country at the crossroads of Central and Southern Africa

The Republic of Zambia is a country in southern Africa. It shares its borders with the Democratic Republic of the Congo to the north, Tanzania to the north-east, Malawi to the east, Mozambique, Zimbabwe, Botswana, and Namibia to the south, and Angola to the west. It used to be called Northern Rhodesia and it is currently named after the Zambezi River. Zambia is home to one of the seven natural wonders of the world, Victoria falls. Zambia has at least 72 spoken languages.

Republic of Zambia
Coat of arms of Zambia
Coat of arms
"One Zambia, One Nation"
Anthem: "Stand and Sing of Zambia, Proud and Free"
Location of Zambia
and largest city
15°25′S 28°17′E / 15.417°S 28.283°E / -15.417; 28.283
Official languagesEnglish
Recognised regional languages
Ethnic groups
GovernmentUnitary presidential constitutional republic
• President
Hakainde Hichilema
Mutale Nalumango
LegislatureNational Assembly
27 June 1890
28 November 1899
29 January 1900
17 August 1911
1 August 1953
24 October 1964
5 January 2016
• Established
• Total
752,618 km2 (290,587 sq mi)[3] (38th)
• Water (%)
• 2021 estimate
19,473,125[4][5] (65th)
• 2010 census
• Density
17.2/km2 (44.5/sq mi) (191st)
GDP (PPP)2019 estimate
• Total
$75.857 billion[7]
• Per capita
GDP (nominal)2019 estimate
• Total
$23.946 billion[7]
• Per capita
Gini (2015)57.1[8]
HDI (2019)Decrease 0.584[9]
medium · 146th
CurrencyZambian kwacha (ZMW)
Time zoneUTC+2 (CAT)
Driving sideleft
Calling code+260
ISO 3166 codeZM

The capital of Zambia is Lusaka, which is also the largest city in the country. Hakainde Hichilema is the current president. Its motto is One Zambia, One Nation and its national anthem is Stand and Sing of Zambia, Proud and Free. Its official language is English.



Zambia originated from Northern Rhodesia. In 1964 Zambia became an independent country. The first president was Kenneth Kaunda, who ruled Zambia for 27 years. Zambia was a one party state. His United National Independence Party was the only legal party and all other parties were banned.

After protests, democratic elections were held in 1991. Kenneth Kaunda lost the elections and gave away his power in an orderly manner to his successor Frederick Chiluba, a former union leader.

Zambia is now a multi-party democracy. It has had four democratic elections since 1991. The latest presidential election was in 2021, which was won by Hakainde Hichilema against Edgar Lungu.



In 1969, Zambia was making a lot of money because of the copper deposits that were mined in Copperbelt province. When copper became cheaper in the 1970s, the economy got worse because people in Zambia were not making as much money from selling copper. Today, Zambia is a poor country. It does not have many industries. Copper is still its main export. Commercial farming in Zambia is starting to make more money.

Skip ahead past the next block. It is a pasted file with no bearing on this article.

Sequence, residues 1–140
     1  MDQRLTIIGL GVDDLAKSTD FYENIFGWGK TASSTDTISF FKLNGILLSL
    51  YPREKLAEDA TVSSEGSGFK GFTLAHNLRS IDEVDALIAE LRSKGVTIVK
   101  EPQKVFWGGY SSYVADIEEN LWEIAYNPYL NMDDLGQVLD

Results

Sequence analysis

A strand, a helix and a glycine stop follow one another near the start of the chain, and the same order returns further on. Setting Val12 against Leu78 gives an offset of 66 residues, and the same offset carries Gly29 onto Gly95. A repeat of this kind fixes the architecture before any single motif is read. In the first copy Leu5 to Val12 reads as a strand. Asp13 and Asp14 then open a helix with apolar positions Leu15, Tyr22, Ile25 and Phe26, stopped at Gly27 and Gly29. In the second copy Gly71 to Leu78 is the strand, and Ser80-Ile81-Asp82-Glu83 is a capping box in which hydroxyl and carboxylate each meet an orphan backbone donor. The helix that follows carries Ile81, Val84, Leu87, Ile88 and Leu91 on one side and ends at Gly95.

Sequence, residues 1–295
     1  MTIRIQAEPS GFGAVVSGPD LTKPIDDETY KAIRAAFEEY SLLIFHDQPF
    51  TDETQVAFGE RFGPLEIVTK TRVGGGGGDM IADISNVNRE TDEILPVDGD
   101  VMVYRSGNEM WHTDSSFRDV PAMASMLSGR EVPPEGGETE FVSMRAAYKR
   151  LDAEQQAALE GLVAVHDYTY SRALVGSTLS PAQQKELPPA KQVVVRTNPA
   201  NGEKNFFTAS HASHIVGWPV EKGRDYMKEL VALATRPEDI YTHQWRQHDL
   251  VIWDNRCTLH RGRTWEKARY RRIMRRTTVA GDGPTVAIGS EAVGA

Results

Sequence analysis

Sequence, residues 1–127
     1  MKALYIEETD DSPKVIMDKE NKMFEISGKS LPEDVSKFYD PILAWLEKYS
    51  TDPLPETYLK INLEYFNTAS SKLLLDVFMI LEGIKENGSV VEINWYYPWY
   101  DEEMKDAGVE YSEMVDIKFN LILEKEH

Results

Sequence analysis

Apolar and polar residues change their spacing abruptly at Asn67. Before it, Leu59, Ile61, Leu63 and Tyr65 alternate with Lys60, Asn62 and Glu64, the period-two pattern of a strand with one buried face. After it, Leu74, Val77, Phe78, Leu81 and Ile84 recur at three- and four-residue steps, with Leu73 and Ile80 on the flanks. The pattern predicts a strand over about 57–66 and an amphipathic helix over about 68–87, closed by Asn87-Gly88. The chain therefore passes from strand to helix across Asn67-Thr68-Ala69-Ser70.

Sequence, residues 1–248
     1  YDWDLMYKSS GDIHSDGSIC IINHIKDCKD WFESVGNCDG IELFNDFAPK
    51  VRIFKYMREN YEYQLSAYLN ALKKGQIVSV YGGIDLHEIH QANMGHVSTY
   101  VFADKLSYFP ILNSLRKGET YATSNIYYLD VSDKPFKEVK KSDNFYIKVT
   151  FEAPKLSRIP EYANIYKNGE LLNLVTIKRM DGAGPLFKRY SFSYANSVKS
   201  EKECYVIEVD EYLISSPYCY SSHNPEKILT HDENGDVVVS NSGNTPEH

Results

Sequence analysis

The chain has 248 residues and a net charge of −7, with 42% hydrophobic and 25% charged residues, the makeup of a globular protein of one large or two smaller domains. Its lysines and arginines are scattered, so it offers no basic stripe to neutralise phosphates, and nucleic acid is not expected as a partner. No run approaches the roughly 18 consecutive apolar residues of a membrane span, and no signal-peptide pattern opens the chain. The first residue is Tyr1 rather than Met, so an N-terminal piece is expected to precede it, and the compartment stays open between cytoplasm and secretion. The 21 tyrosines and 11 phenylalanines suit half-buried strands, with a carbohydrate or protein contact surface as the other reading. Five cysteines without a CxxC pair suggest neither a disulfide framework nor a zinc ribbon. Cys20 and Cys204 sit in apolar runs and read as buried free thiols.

The provinces of Zambia

Zambia is divided into ten provinces. Each province is divided into several districts. There are 117 districts all together. The provinces are:



The important places in Zambia are:

Cities in Zambia
Rank City Population[source?] Province Image
Census 1980 Census 1990 Census 2000 Est. 2007
1. Lusaka 735,830 1,069,353 1,684,703 2,146,522 Lusaka  
2. Ndola 297,490 367,228 397,757 467,529 Copperbelt  
3. Kitwe 283,962 288,602 363,734 409,865 Copperbelt  
4. Kabwe 127,422 154,318 176,758 193,100 Central  
5. Chingola 130,872 142,383 147,448 148,469 Copperbelt
6. Mufulira 138,824 123,936 122,336 119,291 Copperbelt
7. Livingstone 61,296 76,875 97,488 113,849 Southern  
8. Luanshya 113,422 118,143 115,579 112,029 Copperbelt  
9. Kasama 36,269 47,653 74,243 98,613 Northern
10. Chipata 33,627 52,213 73,110 91,416 Eastern  


  1. Census of Population and Housing National Analytical Report 2010 Archived 2017-11-14 at the Wayback Machine Central Statistical Office, Zambia
  2. "Africa :: Zambia — the World Factbook - Central Intelligence Agency". Archived from the original on 2020-10-16. Retrieved 2021-01-13.
  3. United Nations Statistics Division. "Population by sex, rate of population increase, surface area and density" (PDF). Retrieved 9 November 2007.
  4. "World Population Prospects 2022". United Nations Department of Economic and Social Affairs, Population Division. Retrieved July 17, 2022.
  5. "World Population Prospects 2022: Demographic indicators by region, subregion and country, annually for 1950-2100" (XSLX). ("Total Population, as of 1 July (thousands)"). United Nations Department of Economic and Social Affairs, Population Division. Retrieved July 17, 2022.
  6. Central Statistical Office, Government of Zambia. "2010 Census Population Summaries" (PDF). Archived from the original (PDF) on 14 November 2017. Retrieved 6 March 2018.
  7. 7.0 7.1 7.2 7.3 "Zambia". International Monetary Fund.
  8. "Gini Index". World Bank. Retrieved 2 September 2019.
  9. Human Development Report 2020 The Next Frontier: Human Development and the Anthropocene (PDF). United Nations Development Programme. 15 December 2020. pp. 343–346. ISBN 978-92-1-126442-5. Retrieved 16 December 2020.


  1. Official faith according to constitution